• Supreme Court won't consider tobacco case. The Supreme Court refused to review a landmark ruling that found the tobacco industry had engaged in a conspiracy to deceive the public about the dangers of smoking. Both cigarette makers and the government had appealed the ruling; cigarette makers, for obvious reasons, wanted the racketeering charges overturned, while the government was trying to revive its rejected attempt to get the tobacco industry to forfeit up to $280B in profits. The ruling is "a surprising and favorable industry development," said one analyst, removing the possibility of a large-scale financial decision against tobacco firms. In yesterday's trading, MO +3.25%, RAI +4.05%, LO +2.5%, PM +0.85%.
  • ECB plays down risks of lending program expiry. The ECB is trying to reassure markets that the expiry of its €442B ($547.5B) bank-lending program this Thursday won't destabilize the financial system. The 12-month lending facility was introduced last year to encourage private-sector lending and ensure the region's banks had sufficient liquidity. The program has since become a lifeline for banks in highly-indebted countries like Greece and Spain, and Spanish banks have called it "absurd" that the ECB isn't renewing the program. Euro borrowing costs in the interbank market rose to an 8-month high yesterday ahead of the program's expiry, and the euro is falling on concerns Europe's financial system will now be more susceptible to threats. Euro -0.7% vs. the dollar.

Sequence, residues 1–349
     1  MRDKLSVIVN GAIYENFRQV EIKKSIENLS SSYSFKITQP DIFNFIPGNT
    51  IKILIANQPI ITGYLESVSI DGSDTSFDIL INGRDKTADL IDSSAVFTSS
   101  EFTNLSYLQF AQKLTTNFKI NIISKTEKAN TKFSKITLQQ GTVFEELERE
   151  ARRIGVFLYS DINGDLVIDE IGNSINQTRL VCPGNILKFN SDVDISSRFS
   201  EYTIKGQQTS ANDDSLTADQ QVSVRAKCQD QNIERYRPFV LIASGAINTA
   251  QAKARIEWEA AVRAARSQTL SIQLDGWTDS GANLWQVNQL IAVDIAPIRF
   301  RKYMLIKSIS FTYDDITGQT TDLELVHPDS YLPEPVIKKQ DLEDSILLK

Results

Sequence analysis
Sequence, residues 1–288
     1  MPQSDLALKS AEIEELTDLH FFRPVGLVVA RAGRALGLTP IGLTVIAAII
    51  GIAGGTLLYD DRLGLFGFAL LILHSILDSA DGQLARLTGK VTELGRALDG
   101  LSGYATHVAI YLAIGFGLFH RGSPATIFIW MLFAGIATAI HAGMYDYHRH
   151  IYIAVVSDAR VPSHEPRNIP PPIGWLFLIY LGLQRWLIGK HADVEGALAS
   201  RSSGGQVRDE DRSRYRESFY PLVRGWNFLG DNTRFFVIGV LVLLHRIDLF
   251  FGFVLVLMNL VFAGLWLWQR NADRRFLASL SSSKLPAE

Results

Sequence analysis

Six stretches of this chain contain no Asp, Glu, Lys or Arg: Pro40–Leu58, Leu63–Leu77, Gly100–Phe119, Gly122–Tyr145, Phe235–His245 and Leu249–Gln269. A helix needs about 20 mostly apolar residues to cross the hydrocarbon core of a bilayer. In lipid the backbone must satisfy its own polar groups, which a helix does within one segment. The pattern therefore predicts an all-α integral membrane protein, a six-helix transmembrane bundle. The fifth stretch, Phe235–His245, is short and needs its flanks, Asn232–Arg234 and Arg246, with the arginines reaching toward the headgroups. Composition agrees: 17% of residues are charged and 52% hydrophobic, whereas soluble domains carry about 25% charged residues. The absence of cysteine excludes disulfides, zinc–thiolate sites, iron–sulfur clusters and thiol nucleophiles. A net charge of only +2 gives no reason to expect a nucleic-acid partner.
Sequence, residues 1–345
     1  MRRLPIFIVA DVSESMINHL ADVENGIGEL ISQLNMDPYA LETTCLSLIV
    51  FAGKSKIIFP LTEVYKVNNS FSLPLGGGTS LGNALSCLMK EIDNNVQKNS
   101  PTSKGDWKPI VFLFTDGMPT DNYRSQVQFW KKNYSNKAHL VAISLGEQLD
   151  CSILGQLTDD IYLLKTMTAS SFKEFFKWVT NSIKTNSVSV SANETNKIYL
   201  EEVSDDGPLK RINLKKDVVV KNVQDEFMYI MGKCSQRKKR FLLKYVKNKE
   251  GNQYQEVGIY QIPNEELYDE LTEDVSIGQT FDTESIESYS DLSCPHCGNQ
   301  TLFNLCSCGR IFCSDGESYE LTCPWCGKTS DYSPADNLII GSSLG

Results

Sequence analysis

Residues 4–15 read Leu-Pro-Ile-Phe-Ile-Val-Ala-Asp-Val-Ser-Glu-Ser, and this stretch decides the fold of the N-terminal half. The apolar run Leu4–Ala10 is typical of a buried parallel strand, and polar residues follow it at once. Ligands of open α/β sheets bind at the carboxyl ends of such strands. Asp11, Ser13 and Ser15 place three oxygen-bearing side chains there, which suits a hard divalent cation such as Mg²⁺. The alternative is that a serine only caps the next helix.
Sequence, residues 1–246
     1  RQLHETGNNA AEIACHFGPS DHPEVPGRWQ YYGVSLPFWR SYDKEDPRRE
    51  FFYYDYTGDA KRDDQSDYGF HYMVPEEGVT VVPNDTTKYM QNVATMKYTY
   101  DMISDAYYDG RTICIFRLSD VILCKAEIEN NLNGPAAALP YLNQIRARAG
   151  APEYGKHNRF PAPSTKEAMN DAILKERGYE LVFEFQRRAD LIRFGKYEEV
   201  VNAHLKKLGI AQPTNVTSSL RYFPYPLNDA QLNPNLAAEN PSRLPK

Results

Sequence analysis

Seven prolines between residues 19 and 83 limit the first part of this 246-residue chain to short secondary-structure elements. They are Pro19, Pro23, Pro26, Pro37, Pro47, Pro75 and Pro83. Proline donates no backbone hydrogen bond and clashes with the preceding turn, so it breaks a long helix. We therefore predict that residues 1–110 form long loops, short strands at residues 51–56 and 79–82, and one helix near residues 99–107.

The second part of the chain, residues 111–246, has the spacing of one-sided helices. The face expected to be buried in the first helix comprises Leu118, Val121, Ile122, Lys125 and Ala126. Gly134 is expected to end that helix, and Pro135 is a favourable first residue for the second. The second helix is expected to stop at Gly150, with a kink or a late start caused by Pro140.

• NY Fed measures systemic risk of BP collapse. The Federal Reserve Bank of New York has reportedly been examining major financial firms' exposure to BP (NYSE:BP) to ensure that Wall Street and the global financial system won't be at risk in the event the oil giant buckles under the costs of the Gulf spill. Sources said the Fed found no systemic risk, and didn't ask banks to alter their credit relationships with BP. However, some banks, of their own initiatives, are changing the terms of their business with BP. Credit Suisse (NYSE:CS) has reportedly lowered its collateral requirement threshold to $10M from $30M, while Bank of America (NYSE:BAC) has shortened the time frame of oil trades with BP to one year. Premarket: BP +0.8% (7:00 ET).
  • Oil rivals may team up on Alaskan project. A joint venture between BP (BP) and ConocoPhillips (NYSE:COP) planning to build a massive natural gas pipeline from Alaska to Canada and the 48 states is said to be in early talks to join a competing project by TransCanada (NYSE:TRP) and Exxon Mobil (NYSE:XOM). The BP-ConocoPhillips project, known as Denali, would likely be tabled as the companies worked on the $36B TransCanada project. TransCanada denied talks were underway to merge the pipeline projects.